Description of large classes
As student enrollment numbers increase and university budgets shrink, class size will continue to grow for the foreseeable future. In this environment, the ability to lecture effectively in large classes is a critical skill to master. Large classes are frequently perceived as one of the main barriers to quality learning, and there are many studies that point to the challenges of teaching large classes. In spite of these challenges, large classes remain a reality in institutions of higher learning and are not likely to disappear in the near future (UNESCO, 2006).
There is no universally accepted number of students that constitute a large class; some institutions use the term “large” to refer to classes of more than fifty students, while other institutions regard a large class as one with more than one hundred students.
Implications of large class size in higher education
Large class size may be a cost-effective solution to budget crises (University of Maryland 2008), but can also present opportunities for instructors to improve their teaching skills. Large classes which, by their very nature, include a variety of students and learning styles, encourage instructors to incorporate diverse teaching methods in their classrooms. Large classes also benefit students by giving them the opportunity to learn from the interesting ideas and life experiences of a large and diverse body of classmates. This motivates learners and enlivens lessons by expanding student opportunities to discuss with and learn from each other (UNESCO 2006).
It is important to note, however, that the aforementioned opportunities and benefits can only be realized if an instructor is able to adequately manage and effectively teach large classes. In instances where an instructor finds it difficult to effectively teach large classes, some students may find the large class size intimidating. These students are likely to remain passive and unresponsive to questioning, only becoming familiar with those seated next to them. In other words, connection, interaction and communication with and among students can be hindered both by the large number of students and the physical distance from the instructor in classes where the instructor is not equipped to manage a large class (Brenner 2000).
Examples of how to effectively teach large classes
Since individual instructors vary and different institutions of learning maintain different requirements and expectations, there is no unique solution to the challenges of teaching large classes. Below, however, are some examples of how to effectively engage students in a large class.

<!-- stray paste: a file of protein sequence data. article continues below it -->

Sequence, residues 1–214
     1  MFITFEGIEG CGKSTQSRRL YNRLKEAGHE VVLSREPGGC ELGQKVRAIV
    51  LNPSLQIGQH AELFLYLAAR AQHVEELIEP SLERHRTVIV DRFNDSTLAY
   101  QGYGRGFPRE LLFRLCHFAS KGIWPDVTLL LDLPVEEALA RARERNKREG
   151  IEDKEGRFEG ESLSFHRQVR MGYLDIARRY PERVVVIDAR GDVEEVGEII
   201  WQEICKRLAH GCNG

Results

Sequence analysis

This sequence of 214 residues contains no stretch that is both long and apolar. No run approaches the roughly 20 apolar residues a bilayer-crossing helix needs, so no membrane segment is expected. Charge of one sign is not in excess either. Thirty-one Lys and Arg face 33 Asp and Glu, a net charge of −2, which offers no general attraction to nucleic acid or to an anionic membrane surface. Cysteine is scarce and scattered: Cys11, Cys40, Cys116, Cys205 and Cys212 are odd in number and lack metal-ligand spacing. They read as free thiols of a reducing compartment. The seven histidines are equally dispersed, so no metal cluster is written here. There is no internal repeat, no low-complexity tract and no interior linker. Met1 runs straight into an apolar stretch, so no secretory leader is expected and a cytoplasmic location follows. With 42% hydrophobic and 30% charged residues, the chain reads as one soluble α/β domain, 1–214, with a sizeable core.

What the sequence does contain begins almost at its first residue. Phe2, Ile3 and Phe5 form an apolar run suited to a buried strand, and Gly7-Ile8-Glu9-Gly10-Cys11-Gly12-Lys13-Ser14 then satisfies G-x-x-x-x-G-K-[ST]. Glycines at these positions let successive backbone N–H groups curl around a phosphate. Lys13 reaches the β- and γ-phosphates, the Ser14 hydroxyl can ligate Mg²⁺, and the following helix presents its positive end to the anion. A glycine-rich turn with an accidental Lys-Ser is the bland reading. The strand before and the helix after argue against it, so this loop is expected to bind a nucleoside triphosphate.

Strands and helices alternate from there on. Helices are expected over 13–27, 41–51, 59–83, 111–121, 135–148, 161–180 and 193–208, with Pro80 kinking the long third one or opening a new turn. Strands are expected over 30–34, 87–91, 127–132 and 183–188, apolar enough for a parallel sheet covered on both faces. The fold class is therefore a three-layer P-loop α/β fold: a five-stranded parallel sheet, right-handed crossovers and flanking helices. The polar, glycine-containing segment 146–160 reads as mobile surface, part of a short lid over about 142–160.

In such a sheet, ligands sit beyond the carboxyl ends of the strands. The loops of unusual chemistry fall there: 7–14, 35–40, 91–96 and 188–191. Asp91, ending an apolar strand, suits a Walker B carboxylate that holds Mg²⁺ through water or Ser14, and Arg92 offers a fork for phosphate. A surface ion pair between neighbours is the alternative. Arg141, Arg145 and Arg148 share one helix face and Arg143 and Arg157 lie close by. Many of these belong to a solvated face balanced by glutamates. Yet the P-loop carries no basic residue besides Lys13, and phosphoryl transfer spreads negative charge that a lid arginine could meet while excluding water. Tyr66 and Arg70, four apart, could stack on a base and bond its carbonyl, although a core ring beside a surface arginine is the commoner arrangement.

Engaging students in large classes requires advanced planning and careful organization. Your plan should be geared towards monitoring whether or not your students comprehend what is taught. In developing a lesson plan, you should identify the topic to be taught, learning objectives, teaching methods, classroom arrangement, main activities, resources, and assessment methods. You should organize the day’s topics in a meaningful sequence in order to enhance smooth flow of thought. A visual display of the topic outline and learning objectives could be prepared to help students visualize the flow of the class and the relationships between the topics covered.
A cordial relationship between instructor and students inspires students to willingly participate in class. Therefore, instructors should attempt to know their students’ names and abilities. The instructor may start by introducing him/herself and, if possible, have the students introduce themselves to everyone. It is advisable for the instructor to move around the class while teaching; as this can reduce the physical and social distance between the instructor and students. The instructor should take full advantage of classroom space by ensuring that unnecessary furniture is removed, and identify spaces outside of the classroom that can be used as activity centers.
The instructor should remember that the attention spans of students are limited and split up class time accordingly. For example, a class period could be divided into twenty minutes of lecture time, followed by an activity and then additional lecture if needed. The instructor may also want to incorporate small-group learning in a large class to enhance critical thinking, promote cognitive elaboration, provide feedback and help students to appreciate diversity. It is also important that the instructor explain to students exactly how and why specific lessons are being taught in a particular style.
In addition, the instructor should give assignments that really assess whether or not students are learning what they are taught. The assignments should be centered on the process by which they solved a problem, along with how they can apply what they are learning to everyday life. Clear and thorough instructions should be given for every assignment. Finally, instructors should develop a system to keep track of student performance in order to easily identify students who may need special attention. Instructors should actively take attendance in order to avoid a drop in class attendance.
Research on the impact of large classes on student performance and teaching methods
Researchers have used various techniques to study the effect of class size on the quality of education. A study that examined the relationship between class size and student performance at Binghamton University revealed that large class sizes adversely affect both student performance and retention (Keil et al. 1996). In a similar study, Borden and Burton discovered that students in large classes did not perform as well as students in small classes (Borden and Burton 1999).
However, a number of scholars have established that good instructional design as well as effective lecturing positively affects students’ performances in large classes (Kwantlen University 2004). A study by Sid Gilbert revealed that faculty and student characteristics, along with course organization and management, are more important than class size in ensuring that students learn effectively. He stated that “what goes on in the classroom matters more than the size of the class.” Gilbert went on to suggest that course organization focused on thinking and reasoning rather than rote memorization produces more positive outcomes. He added that explicit course goals, organized course content and effective teaching methods could enhance meaningful participation and involvement in large classes (Gilbert 1995). In order to identify the most effective teaching methods for large classes, Jason Carpenter examined the effectiveness of several teaching methods including lecture, lecture/discussion combination, jigsaw, case study, and team project. The findings of his study indicated that lecture/discussion combination was the preferred teaching method among students in a large class setting (Carpenter 2006).